pumping station site, $350; Vernon stand
pipe site, $7it00; St. Johns standpipe site,
$2213.75; upper Linnton reservoir site,
$50; upper Whitwood reservoir site, $100;
lower Whitwood reservoir site. $400;
Kings Heights reservoir site. $450: Whit
wood court pump station site, $75; east
side water office site, $4100; east side
storage yard site. $13,070; Albina office
site, $3173; Albina warehouse site,
$20,370; repair and meter shop site,
$21,500; submerged pipe line rights of
way, $0500.
Testimony to Be Taken on Pro
posed Amendment Today.
SALEM, Or., Aug. 31. (Special.)
Taking of testimony in .the case
brought by the state fish commis
sion to prevent the secretary of
state from placing on the ballot at
the November election a constitu
tional amendment initiated by
G. G. Green of Oregon City will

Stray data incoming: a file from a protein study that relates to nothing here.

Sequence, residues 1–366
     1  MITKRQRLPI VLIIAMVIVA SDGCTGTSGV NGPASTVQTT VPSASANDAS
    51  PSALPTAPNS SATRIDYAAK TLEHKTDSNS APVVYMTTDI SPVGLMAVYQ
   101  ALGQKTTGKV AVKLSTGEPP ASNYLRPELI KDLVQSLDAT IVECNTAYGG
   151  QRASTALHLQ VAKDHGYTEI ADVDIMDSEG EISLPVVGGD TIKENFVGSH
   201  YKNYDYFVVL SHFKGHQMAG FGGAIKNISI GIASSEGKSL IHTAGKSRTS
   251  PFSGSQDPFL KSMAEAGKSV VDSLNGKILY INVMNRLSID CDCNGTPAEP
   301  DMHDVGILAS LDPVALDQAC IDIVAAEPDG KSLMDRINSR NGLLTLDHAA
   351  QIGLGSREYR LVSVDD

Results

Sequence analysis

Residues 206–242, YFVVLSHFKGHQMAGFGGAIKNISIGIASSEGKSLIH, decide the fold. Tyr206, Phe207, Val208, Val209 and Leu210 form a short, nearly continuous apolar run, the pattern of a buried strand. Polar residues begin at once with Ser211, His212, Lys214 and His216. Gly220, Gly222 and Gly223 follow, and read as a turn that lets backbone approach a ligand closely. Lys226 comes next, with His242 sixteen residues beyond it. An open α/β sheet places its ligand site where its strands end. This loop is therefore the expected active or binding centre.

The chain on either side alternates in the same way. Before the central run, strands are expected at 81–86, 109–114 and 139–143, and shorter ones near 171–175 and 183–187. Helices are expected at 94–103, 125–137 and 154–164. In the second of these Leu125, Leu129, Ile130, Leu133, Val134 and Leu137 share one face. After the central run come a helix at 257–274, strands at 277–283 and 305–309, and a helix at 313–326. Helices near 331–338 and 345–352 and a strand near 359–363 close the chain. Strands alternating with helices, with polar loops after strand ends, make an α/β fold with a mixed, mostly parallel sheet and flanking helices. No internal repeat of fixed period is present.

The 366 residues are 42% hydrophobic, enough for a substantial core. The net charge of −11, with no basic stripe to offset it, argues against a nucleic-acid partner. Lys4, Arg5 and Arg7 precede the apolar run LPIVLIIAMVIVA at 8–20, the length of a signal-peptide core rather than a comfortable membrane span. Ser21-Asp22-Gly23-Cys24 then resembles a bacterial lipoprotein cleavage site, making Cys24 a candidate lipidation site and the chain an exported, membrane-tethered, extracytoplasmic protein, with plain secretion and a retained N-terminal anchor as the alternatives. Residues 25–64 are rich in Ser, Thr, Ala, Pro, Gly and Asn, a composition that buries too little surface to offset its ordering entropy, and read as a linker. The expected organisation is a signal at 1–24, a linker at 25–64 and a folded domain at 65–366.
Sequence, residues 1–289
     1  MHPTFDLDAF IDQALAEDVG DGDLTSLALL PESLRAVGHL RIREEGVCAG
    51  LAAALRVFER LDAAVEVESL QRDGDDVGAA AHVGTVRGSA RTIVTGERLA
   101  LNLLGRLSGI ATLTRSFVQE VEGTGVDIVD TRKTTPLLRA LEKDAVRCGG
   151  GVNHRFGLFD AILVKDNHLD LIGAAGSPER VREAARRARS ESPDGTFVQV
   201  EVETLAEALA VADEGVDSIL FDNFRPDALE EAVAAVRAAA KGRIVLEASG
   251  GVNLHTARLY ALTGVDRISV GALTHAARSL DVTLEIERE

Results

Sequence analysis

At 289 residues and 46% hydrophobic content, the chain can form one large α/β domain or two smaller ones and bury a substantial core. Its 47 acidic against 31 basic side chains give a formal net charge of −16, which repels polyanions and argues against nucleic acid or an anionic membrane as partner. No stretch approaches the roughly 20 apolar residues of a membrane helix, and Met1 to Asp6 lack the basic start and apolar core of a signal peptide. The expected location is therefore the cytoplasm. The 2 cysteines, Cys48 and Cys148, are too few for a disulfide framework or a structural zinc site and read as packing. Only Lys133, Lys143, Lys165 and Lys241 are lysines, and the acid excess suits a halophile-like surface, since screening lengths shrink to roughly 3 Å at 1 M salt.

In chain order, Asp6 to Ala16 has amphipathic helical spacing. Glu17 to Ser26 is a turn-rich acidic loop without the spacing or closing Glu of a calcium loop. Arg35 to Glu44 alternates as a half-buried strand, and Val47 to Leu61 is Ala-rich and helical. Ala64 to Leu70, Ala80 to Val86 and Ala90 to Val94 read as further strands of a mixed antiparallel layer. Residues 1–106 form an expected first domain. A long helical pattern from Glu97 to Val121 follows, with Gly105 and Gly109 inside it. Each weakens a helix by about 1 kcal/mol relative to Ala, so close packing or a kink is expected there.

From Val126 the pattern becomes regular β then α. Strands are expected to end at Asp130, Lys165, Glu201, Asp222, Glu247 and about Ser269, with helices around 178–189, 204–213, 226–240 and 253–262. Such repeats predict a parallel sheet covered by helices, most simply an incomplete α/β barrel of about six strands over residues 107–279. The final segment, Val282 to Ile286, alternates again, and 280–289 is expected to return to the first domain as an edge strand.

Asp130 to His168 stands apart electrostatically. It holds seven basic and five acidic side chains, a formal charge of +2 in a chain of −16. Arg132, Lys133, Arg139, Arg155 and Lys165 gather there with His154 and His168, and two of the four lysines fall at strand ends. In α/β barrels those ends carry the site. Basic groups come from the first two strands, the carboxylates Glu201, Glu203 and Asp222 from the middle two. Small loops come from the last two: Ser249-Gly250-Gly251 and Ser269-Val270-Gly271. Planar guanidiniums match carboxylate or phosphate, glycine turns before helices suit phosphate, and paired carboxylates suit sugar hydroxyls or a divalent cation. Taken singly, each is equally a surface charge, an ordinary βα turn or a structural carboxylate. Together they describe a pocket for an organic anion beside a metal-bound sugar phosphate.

start in Portland tomorrow. The
testimony of 71 witnesses already
subpenaed by the court will be
taken by a referee appointed by
Judge Bingham Saturday.
The amendment initiated! by Mr.
Green would prohibit the use of
traps, wheels and seines in fhe
Columbia river and would regulate
the operation of the state's hatch
eries. It is known as the salmon
fishing and fish propagation amend
ment. Oregon Gets 500 New Students.
EUGENE, Or., Aug. 21. (Special.)
Between 500 and 600 new students
already have registered at the Uni
versity of Oregon for the fall term,
the majority coming from Multno
mah county, according to figures
of Carlton Spencer, registrar. This
is about 100 more students than
had registered this time last year.
All applications of new students
must be filed before September 15
for the fall term, which opens Sep
tember 30 with the opening exam
inations for freshmen.
Human Stock to Get Prizes.
BROWNSVILLE. Or., Aug. 21.
(Special.) In addition to prizes and
premiums offered to the winner of
stock and agricultural exhibits, the
management of tne Calapooia valley
fair, to be held here September 15
and 16, will award prizes for the
oldest couple present, the best look
ing woman, the man with -the long
est whiskers, the ugliest man, the